Friday, September 2, 2011

The Thief is not guilty, part 3

So, I wanted to post some reviews, and I noticed that a common theme was: "great, except for the idiosyncratic refusal to include the Thief class".  So, heres my final(ish) thoughts on that.

This belief in the neccessoity for exclusion of the thief is puzzling, and it seems to be part of the OSR zeitgeist; the reasons range from the thief not being in the original three books, through them being a self referential class that creates the challeneges it is supposed to deal with, through being responsible for the glut of skills and feats of later editions.  Support or rejection of this idea seems foundational to the whole bubbling stew of the OSR.  So, since the thief excluders are wrong,  guess which side I'm on?

I've discussed (ranted about) these arguments before, expressing my opinion that they are, indeed, quantifiable as the merest hooie*. To sum up:

1. the number of people who started D&D with only the original 3 book set and not greyhawk either at the same time or immediately thereafter is vanishingly small and as such, it doesn;t represent a change of direction with regard to D&D as an RPG.
2. Gary wrote Greyhawk (well, yes with others) and obviously included the thief intentionally in his campaign, and thus the gygaxian vision of D&D; QED for the purists, I think . 
3. Fighters and the attempt to de-vanilla-ize them via weapon proficiencies and skill based subclasses is, in my obviously self inflated opinion, the real cause of the skillsystems and sorcery style of play, not thieves.  Note that GG resisted weapon proficiencies for quite a while as a bad idea that would lead to skill systems.
3. Its soooooooo swords and sorcery. Plus, Bilbo.

So, anything new ?  Well, yes, and here is my core argument.  
The thief is what made D&D more than just a skirmish miniatures game. 

We all know that it began as one -and that now it isn't just one.  A main difference between a skirmish wargame and the ur-RPG is this: Skirmish games  often are at the scale of the one figure = one man, but the player is still a disembodied commander moving pieces around, and all pieces are judged by their resource value in winning the game; an RPG changes the scale to one figure = you, and you alone. Playing a single fighter was still something that one could do in a skirmish game.  Fighters killed other units, Mages were artillery, and clerics were either recovery units or specialized anti -undead killers.
The thief was a big deal because as a class it had no useful place on the battlefield of a skirmish wargame, whatsover.

Really ?  Well, almost none of the thief skillset is useful in a skirmish -playing one is a waste of time.  Scouting is irrelevant on a real sand table, especially given the rules of that time period, and swiping was even less useful. Climbing and sneaking are options, but since one cannot do anything useful, so what ? Reading scrolls ?  Play an apprentice wizard. Possibly they could eliminate commanders and such, but that was really the role of assassins, a type specifically included in the original skirmish model of D&D.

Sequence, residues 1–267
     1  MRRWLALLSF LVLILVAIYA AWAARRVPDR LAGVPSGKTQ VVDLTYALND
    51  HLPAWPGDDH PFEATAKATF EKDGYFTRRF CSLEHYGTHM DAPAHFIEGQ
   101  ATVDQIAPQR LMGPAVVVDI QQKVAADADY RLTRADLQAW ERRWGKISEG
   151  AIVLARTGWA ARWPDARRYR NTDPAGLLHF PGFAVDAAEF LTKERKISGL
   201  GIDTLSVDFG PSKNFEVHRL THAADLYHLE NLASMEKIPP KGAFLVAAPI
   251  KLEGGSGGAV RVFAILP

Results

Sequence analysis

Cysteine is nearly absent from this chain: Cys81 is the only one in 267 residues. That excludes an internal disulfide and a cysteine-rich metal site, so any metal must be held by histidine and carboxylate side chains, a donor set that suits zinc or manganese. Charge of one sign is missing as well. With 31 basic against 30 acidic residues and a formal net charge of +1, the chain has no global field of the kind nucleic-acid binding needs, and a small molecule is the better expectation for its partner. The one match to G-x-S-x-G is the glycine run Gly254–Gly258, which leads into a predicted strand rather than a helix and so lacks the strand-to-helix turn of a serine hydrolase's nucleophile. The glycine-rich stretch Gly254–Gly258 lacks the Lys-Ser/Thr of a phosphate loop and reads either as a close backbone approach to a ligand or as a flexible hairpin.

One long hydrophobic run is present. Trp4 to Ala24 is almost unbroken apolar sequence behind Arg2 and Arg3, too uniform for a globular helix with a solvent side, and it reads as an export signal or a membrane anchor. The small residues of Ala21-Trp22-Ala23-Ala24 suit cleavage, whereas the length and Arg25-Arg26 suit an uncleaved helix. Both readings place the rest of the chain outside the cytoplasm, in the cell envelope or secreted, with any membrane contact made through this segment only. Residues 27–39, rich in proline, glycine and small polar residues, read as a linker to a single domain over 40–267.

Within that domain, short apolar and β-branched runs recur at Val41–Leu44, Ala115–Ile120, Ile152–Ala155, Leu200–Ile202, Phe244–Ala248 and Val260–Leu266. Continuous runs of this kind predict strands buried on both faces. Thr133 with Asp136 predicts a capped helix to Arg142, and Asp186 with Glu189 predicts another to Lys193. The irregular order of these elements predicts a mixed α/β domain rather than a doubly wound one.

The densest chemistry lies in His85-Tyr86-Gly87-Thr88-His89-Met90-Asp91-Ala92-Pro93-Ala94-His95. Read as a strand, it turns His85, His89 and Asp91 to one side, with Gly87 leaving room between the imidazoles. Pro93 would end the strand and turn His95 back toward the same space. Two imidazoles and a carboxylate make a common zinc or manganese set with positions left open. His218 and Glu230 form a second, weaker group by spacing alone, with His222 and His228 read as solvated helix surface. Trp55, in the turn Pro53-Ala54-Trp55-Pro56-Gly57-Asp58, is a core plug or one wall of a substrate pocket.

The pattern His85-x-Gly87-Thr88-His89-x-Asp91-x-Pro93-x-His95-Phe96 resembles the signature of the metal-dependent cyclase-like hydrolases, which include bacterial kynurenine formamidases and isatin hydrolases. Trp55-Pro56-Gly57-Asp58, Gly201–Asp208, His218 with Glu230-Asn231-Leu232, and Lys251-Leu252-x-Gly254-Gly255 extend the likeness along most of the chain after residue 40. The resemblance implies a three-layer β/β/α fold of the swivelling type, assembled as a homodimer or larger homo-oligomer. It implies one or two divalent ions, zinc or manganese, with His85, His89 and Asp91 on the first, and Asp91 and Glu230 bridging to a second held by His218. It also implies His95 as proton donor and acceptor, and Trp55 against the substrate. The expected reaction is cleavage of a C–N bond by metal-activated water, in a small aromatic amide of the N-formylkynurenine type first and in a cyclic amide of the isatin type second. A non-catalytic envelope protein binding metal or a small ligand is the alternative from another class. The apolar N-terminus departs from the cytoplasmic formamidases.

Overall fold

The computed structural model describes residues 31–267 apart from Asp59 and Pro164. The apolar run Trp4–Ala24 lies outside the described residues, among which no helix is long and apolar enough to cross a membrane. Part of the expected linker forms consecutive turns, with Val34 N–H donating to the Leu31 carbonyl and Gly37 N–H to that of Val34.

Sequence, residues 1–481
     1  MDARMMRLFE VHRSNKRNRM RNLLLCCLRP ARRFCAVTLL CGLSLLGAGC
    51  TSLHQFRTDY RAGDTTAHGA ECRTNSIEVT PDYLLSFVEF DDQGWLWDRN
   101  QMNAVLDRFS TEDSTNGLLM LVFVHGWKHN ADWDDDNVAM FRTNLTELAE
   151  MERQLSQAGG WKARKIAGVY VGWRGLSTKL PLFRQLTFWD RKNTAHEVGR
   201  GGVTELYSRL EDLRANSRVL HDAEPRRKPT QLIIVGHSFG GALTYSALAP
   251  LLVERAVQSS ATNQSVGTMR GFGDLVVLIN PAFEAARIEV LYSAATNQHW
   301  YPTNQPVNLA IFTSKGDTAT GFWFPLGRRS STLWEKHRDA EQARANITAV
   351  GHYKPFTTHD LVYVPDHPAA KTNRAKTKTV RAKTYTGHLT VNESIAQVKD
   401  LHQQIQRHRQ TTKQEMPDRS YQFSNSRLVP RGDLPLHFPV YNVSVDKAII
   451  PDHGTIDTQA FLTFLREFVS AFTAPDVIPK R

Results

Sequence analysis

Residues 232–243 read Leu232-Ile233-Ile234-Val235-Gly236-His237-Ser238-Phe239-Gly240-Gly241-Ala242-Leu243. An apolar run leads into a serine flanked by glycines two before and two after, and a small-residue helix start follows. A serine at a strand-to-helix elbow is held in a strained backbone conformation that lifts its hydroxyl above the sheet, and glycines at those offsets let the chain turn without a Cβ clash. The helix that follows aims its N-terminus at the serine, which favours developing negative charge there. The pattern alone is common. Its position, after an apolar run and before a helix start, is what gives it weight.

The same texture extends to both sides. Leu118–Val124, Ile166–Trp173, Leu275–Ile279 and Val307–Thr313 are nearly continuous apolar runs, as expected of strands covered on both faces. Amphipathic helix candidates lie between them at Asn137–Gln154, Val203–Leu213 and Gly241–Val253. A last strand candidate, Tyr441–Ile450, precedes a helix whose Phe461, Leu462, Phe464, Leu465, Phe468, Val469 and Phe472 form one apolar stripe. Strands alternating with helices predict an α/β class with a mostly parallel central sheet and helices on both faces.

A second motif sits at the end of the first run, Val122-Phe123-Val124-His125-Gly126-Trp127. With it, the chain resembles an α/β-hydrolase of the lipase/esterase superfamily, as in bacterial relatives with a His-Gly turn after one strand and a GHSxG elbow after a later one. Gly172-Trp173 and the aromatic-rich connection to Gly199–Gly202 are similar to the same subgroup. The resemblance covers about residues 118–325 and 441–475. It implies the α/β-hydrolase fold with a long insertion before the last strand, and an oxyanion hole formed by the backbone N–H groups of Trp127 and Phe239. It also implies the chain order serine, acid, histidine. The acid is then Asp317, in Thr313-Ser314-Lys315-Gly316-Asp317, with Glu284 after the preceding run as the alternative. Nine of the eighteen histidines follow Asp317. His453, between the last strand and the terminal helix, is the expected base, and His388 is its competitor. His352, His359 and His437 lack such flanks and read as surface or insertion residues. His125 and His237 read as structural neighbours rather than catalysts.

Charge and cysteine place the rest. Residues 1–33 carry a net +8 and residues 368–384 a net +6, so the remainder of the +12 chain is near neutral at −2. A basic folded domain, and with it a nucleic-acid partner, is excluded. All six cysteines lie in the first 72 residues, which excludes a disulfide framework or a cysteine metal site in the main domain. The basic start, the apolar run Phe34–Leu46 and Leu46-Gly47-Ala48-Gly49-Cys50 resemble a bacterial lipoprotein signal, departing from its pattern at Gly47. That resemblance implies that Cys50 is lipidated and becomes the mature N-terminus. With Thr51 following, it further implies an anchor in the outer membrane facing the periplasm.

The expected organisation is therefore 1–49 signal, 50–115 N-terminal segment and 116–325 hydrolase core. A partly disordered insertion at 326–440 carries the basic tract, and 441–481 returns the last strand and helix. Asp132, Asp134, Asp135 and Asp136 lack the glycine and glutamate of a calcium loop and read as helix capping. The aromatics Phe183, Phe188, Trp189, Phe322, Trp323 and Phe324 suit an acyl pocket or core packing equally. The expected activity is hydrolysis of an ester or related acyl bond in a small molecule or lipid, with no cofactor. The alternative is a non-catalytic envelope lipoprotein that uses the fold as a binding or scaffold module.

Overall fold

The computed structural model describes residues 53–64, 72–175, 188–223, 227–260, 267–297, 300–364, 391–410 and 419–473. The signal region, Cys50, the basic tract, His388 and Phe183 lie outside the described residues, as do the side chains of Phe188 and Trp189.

Why then, amidst all the other detail of Greyhawk, most of which could simply be additions to a skirmish game is a useless unit specifically included ?

Because the thief had every utility in the dungeon game,  and the dungeon game created the role playing experience; and also, the thief in many ways defined the nature of the adventurer.  Remember, 1973.  Fantasy models are  not what they are today.  Heroes were sneaks as much as brawlers, often antiheroesm and in many ways, that is what made them a literary character, rather than the subject of a soldierly autobiography.  They solved puzzles, got into tight scrapes and conflicts by themselves; this I see as the real genesis of roleplaying.

So, given that, we see that the thief is the character of the dungeon crawl, and from there the Urban adventure or the indoor raid.  And those are the types of settings that set D&D apart from the skirmish game.  And thus...the father of the RPG, the causus bellum, the missing link -the neccessary part of the final result. 

No thieves =no role playing games. 

So, suck it up*, Grognardia and all you reactionary revisionists* ! Apologise to the thief right now ! Take him to lunch and make it your treat; you may as well, you'll be paying for it either way .

* I say this in the most loving caring  and compassionate manner possible..;)


UWS guy said...

Elves could move invisibly in CHAINMAIL and in 0d&d and the knock spell appears in the LLB's. Hobbits also exist in chainmail predating the 'thief' of greyhawk.

Like the ranger and the paladin the thief is a mismashed archetypes of cudgel, gray mouser (who fritz-lieber described literally as a "fighter-thief") and bilbo.

Perhaps a fighting man subclass that only wears leather armor and has an affinity for using magic items without all the need for the skill system.

Dan said...

I agree. Love the thief class!

Jayson said...

This makes a lot of sense.

And as a Moldvay acolyte, I really don't see how you can't have thieves. They just FEEL right.

DRANCE said...

*slow clap*

Dangerous Brian said...

I'd add in a point 5.

5: Gary himself created and wrote about one the iconic greyhawk characters of all time: Gord the thief.

Rainforest Giant said...

Thieves are combat engineers, scouting, clearing obstacles and setting traps for the enemy. Pickpocket and reading scrolls are more like intelligence gathering.

Anonymous said...

Didn't the things thieves do all exist before the thief class? Other characters did all those things anyhow. That said, I'd like to keep a thief/rogue type character class and remove the cleric, which is so loaded with setting assumptions it's crazy.